In October of 2008, before Obama’s inauguration, only a bit more than one in ten US citizens felt the country was going in the right direction, a reflection of the overwhelming disgust with the Bush era. Immediately after the inauguration, that number rose to over 40%, bolstered by the great hope and faith that so many had placed in Obama and the Democrats. In January, 2010, the number had dropped to the mid-thirties, reflecting growing disappointment with the Administration.
Contrary to the wide spread, media induced belief that the country is being overrun by wild-eyed, Obama haters, 72% of the poll respondents found Obama to be “likeable and easygoing”, 59% “inspirational and exciting”. This result demonstrates the vast exaggeration of the tea-bagger movement as representative of the attitude of most US citizens. It further suggests to what extent the corporate media was complicit in pumping up the phenomena. On the other hand, the poll does show a decided unhappiness with the direction Obama has taken: only 38% agree with position on issues and 40% believe he will achieve his goals. Less than a third believe he is “changing business as usual in Washington”.
Despite the symbolic impact of the election of the first African-American President, 78% of those polls believe that race relations in the US have stayed the same or gotten worse.
Lest it appear that disappointment with Obama translates into support for Republicans, one need only turn to US attitudes towards health care reform: 55% of respondents disapprove of Obama’s handling of the issue, while 64% disapprove of the Republican approach! Clearly neither party offers the answers to health care that the people want. Of the options available – including the popular single-payer solution- both parties chose a course out-of-step with the people’s desires and, I might add, the people’s needs.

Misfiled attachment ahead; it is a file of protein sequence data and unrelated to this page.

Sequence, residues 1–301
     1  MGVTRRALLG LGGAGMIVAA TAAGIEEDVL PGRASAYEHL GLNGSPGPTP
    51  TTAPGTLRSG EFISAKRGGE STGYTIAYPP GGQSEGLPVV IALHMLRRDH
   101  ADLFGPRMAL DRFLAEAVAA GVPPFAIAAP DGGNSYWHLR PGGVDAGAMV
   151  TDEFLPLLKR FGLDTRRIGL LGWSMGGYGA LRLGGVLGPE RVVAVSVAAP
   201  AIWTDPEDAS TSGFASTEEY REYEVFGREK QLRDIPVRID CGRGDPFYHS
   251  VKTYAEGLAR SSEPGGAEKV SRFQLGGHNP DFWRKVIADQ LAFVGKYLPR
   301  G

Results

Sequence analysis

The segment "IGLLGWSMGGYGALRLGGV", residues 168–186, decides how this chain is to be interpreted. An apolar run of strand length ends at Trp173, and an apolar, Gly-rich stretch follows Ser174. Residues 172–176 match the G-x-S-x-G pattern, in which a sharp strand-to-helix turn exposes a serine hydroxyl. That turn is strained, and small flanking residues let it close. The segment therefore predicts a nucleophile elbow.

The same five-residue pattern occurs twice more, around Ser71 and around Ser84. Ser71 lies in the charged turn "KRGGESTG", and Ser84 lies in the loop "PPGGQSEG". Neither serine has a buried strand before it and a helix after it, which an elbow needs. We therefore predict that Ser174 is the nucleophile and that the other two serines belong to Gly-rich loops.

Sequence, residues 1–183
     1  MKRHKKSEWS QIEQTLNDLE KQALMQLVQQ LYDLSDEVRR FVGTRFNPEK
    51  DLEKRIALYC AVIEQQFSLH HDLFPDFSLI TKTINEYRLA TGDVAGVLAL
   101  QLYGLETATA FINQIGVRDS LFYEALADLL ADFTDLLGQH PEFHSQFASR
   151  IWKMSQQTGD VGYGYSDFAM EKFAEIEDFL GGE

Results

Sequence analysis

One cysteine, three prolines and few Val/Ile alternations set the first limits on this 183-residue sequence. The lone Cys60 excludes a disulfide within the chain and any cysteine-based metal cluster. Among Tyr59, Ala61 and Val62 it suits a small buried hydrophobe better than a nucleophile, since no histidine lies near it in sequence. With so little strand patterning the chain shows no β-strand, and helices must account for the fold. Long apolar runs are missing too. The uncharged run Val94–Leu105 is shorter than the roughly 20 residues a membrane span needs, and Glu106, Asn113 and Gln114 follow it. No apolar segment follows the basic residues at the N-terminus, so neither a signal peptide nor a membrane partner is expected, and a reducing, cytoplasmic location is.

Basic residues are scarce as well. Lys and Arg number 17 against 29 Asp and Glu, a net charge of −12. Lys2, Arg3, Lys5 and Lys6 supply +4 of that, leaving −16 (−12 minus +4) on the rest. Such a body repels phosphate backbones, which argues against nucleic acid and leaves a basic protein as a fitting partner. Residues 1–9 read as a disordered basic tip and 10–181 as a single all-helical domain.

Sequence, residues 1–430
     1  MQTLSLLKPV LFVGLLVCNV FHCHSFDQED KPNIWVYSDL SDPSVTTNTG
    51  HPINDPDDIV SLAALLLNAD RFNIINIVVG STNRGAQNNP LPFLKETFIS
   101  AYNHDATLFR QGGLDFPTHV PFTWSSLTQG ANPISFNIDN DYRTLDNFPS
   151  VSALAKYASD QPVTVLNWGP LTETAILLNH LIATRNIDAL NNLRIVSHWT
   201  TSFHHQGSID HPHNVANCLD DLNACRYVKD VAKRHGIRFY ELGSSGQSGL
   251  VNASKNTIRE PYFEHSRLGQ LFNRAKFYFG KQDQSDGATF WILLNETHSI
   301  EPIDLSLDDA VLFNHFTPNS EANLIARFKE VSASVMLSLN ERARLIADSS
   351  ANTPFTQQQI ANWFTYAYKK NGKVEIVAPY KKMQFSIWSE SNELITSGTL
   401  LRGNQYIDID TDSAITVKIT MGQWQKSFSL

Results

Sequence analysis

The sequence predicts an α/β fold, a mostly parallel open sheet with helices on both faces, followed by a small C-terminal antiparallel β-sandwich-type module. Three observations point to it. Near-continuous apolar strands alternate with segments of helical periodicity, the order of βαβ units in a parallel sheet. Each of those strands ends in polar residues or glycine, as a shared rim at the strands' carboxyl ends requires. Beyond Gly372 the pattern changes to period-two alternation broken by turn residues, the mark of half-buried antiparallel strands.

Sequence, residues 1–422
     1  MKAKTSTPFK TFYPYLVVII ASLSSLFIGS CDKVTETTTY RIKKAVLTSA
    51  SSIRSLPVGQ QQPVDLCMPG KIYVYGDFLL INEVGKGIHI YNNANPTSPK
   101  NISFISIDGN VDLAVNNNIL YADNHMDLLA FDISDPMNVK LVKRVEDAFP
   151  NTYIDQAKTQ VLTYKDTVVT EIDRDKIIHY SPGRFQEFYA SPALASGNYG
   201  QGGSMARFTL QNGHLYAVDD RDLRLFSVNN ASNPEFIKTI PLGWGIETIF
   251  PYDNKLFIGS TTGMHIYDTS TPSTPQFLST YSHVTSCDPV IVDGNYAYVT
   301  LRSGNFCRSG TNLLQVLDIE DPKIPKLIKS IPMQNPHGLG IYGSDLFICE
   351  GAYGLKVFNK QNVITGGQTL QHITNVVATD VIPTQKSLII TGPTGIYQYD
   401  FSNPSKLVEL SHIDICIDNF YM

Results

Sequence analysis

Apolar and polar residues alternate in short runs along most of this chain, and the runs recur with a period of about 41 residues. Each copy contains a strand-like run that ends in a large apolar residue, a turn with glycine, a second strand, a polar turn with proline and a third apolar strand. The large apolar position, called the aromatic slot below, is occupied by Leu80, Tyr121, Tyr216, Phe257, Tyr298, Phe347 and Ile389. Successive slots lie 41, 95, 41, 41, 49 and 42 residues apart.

It should be even more obvious that both parties are trapped in a box dictated by corporate interests, a box that allows only limited policy options, failing both the test of popular desires and needs. Obama’s recent, extraordinary meeting with Republican bigwigs seems a calculated attempt to rally the other party to defend that box. When he stated: “I know many of you individually. And the irony, I think, of our political climate right now is that, compared to other countries, the differences between the two major parties on most issues is not as big as it's represented”, he spoke a truth that defined his own approach as well as the basis for the crisis in the two-party system. It is precisely this identity of outlook and interest that Obama persistently and enthusiastically pursues with his tiresome, ineffective, but dogged call for “bi-partisanship”.
It fails, and it will fail, because the Republican Party is under constant and unrelenting pressure from its right. The evangelicals, the anti-immigrant cabal, the anti-abortion crowd, the anti-gay fanatics, the racists, the war-mongering nationalists, and, yes, the tea-baggers are organized, vocal and independent of the Party leadership. They make nearly non-negotiable demands on the Republican Party. And the party complies.
This lesson has escaped liberals, progressives, and many on the left who consistently work and support Democratic candidates who neither share nor swear to a progressive agenda. Moreover, they refuse to call out politicians in the Democratic Party who stray from a progressive course out of some perverse sense of loyalty or twisted appeal to unity. In my view, this is unprincipled and opportunistic. But even if some see this as too harsh of a judgment, surely this past year demonstrates that complacent trust is ineffective. The dynamic of Obama’s first year shows that one cannot simply work for the election of a “better” candidate and put aside the critical activism that can shape that candidates political course. We would do well to study the strategic approach of the demonic right. We’d do even better putting our energies into building a left-of-center third party.